Blockchain Technology: Why Law & Finance Won’t Look the Same in 5 Years (Part 1)

Topics: blockchain, Law Firms, Legal Innovation, Midsize Law Firms Blog Posts

blockchain

Distributed ledger technology — more commonly known as blockchain technology — is moving from theory and white papers to the prototyping stage, and in limited cases, real world implementation.

This transition from discussion to implementation is occurring at a much faster pace than most expected — including this author. Its adoption is being driven in large part by the prospect of greater efficiency and cost savings, which at scale can potentially be game-changing for several industry, including legal.

Beyond just its value proposition, however, the blockchain development community has grown from largely a collection of hobbyists and academics to some of the world’s largest technology companies, including IBM, Microsoft and Intel — all of whom are devoting significant resources to advancing blockchain technology. In addition to those developing the technology, the list of industry players deeply committed to adopting the technology has grown exponentially over the last couple of years, and now includes Banco Santander, Barclay’s and Nasdaq, just to name a few. This synergy of development resources and innovative financial giants has created the perfect environment for blockchain to reach mainstream use rather quickly.


Beyond just its value proposition, however, the blockchain development community has grown from largely a collection of hobbyists and academics to some of the world’s largest technology companies, including IBM, Microsoft and Intel — all of whom are devoting significant resources to advancing blockchain technology.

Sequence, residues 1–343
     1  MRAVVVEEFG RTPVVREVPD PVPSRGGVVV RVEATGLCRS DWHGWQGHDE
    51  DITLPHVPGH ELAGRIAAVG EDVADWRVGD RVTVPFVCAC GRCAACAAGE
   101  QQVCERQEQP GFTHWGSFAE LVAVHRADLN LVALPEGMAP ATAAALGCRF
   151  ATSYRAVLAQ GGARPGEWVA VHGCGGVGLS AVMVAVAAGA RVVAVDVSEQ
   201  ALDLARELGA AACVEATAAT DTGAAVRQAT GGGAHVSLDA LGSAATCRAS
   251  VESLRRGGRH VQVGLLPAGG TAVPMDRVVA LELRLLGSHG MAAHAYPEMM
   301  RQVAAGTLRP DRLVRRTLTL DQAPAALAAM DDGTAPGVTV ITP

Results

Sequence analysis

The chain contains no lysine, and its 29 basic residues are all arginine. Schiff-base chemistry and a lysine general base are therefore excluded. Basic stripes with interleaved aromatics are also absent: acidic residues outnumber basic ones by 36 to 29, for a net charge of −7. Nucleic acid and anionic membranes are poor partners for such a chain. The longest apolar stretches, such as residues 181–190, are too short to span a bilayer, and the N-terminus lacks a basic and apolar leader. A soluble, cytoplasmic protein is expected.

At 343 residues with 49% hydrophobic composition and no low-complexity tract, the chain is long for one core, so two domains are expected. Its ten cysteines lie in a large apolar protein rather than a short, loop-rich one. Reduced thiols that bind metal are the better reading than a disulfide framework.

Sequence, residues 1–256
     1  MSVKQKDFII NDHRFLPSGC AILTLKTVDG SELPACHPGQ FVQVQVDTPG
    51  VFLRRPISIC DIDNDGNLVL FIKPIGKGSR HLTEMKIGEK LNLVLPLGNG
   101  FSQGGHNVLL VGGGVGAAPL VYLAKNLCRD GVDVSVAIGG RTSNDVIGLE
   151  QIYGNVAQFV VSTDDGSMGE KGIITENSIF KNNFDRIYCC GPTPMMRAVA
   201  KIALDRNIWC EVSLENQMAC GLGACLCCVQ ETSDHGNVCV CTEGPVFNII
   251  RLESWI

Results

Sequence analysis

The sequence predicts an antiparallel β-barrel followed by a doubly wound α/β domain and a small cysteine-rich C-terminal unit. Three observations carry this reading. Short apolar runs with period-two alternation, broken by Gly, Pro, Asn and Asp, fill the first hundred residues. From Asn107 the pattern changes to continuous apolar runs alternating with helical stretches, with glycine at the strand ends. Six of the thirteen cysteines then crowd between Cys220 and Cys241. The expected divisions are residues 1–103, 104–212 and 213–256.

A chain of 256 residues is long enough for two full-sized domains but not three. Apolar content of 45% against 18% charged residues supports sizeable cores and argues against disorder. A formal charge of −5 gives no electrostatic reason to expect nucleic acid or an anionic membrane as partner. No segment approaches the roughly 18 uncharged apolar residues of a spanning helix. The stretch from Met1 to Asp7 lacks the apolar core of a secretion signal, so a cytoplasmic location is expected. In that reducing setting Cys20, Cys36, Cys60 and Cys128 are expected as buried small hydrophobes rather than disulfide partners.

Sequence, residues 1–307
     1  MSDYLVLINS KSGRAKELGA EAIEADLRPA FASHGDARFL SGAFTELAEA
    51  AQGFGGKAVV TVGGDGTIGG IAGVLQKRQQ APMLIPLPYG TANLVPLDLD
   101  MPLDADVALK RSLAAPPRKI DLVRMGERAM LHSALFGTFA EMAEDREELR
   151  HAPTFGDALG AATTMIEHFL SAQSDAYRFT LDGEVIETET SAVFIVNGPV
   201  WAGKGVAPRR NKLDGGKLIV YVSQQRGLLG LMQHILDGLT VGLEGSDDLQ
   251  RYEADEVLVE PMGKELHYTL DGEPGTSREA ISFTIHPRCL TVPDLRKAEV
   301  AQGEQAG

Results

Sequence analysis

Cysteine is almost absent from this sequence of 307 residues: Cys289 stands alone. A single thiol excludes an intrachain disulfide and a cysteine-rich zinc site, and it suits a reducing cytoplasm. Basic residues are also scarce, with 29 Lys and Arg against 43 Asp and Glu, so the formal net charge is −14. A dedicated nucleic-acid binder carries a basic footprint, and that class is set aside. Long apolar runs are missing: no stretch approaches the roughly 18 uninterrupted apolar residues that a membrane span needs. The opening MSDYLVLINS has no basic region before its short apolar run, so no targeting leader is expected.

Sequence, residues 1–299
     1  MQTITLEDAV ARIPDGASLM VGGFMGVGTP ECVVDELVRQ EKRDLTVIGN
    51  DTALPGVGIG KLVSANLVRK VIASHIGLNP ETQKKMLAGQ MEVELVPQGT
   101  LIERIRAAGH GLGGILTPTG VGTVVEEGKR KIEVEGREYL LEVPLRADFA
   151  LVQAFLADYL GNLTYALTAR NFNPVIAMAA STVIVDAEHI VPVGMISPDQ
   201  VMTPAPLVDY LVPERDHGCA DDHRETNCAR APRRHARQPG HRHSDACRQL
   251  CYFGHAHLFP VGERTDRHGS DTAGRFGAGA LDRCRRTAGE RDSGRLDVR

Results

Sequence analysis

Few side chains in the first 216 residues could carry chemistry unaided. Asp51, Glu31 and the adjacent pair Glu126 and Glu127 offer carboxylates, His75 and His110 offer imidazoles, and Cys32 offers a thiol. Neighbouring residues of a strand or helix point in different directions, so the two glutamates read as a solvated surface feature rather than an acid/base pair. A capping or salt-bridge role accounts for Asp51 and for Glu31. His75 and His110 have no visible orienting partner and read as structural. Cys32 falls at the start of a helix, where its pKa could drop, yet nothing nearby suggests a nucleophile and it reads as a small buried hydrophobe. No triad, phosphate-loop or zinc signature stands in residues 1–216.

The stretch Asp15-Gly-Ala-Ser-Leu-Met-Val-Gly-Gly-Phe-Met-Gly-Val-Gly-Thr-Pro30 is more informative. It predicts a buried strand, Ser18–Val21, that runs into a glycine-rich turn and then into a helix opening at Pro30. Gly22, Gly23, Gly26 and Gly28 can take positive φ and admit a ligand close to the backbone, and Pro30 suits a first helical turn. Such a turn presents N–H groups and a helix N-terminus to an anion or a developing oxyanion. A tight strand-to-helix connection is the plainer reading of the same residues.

If you avoid being distracted by its granular technicalities, the technology itself is rather straightforward. As with operating systems for computers (e.g., Windows, MacOS and Linux), there are different variants of blockchains under active development, including Bitcoin, Ethereum and Hyperledger Fabric, again just to name a few.

The purpose of a blockchain is to maintain a ledger of information. In the case of Bitcoin, probably the best known example, its ledger is used to keep track of every Bitcoin transaction that has ever occurred.

However, Ethereum’s ledger is more robust than Bitcoin’s. While Ethereum can also be used to keep track of its native cryptocurrency (known as Ether), its ledger also doubles as a virtual computer that can run computer code to manipulate information stored in its ledger. Think of Ethereum as Excel on steroids. While capable of being implemented as a private ledger, both Bitcoin and Ethereum saw their technology developed as public blockchains.

Many other protocols under development today are targeting what are known as “permissioned ledger” use cases, where participants that have access to the ledger must be authorized. These permissioned ledgers are the predominant focus of the finance industry due to privacy and data security concerns.

In my next post, I will discuss the key attributes of a blockchain which make it so attractive.